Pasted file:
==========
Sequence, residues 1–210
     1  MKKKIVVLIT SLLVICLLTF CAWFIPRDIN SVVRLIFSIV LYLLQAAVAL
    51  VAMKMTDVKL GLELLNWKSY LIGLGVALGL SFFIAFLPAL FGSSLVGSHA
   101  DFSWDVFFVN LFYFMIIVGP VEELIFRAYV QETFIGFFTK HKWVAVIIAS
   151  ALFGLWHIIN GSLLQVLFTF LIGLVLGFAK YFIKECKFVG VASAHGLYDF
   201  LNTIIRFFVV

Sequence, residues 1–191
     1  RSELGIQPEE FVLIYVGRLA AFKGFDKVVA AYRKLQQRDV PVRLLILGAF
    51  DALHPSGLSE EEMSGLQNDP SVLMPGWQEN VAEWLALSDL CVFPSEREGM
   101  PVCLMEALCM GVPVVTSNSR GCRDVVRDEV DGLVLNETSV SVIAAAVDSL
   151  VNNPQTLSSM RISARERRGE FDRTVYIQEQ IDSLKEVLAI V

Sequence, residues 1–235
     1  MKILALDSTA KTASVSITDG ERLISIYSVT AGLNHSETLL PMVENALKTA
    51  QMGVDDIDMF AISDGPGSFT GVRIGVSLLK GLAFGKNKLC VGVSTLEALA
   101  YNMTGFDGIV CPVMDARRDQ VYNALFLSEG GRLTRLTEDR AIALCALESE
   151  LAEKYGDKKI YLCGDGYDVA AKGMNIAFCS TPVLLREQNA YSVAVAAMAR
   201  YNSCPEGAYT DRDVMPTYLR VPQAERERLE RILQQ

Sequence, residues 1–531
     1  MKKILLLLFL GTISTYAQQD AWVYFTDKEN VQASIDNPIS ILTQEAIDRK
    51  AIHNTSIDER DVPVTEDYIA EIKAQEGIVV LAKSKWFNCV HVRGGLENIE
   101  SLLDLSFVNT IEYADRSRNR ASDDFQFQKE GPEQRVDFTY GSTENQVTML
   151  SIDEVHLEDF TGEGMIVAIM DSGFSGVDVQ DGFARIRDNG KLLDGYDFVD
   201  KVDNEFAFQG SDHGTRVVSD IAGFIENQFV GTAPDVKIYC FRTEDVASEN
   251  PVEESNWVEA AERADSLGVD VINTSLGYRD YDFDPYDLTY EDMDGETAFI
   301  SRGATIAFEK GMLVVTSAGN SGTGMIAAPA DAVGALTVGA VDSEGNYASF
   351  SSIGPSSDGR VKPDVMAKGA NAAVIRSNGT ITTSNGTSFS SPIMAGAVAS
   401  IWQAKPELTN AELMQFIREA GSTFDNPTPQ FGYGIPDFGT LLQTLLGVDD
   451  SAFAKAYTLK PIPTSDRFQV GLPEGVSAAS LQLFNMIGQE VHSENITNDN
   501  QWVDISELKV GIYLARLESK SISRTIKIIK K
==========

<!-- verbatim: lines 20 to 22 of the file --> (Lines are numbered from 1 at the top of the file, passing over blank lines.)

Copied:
    51  AIHNTSIDER DVPVTEDYIA EIKAQEGIVV LAKSKWFNCV HVRGGLENIE
   101  SLLDLSFVNT IEYADRSRNR ASDDFQFQKE GPEQRVDFTY GSTENQVTML
   151  SIDEVHLEDF TGEGMIVAIM DSGFSGVDVQ DGFARIRDNG KLLDGYDFVD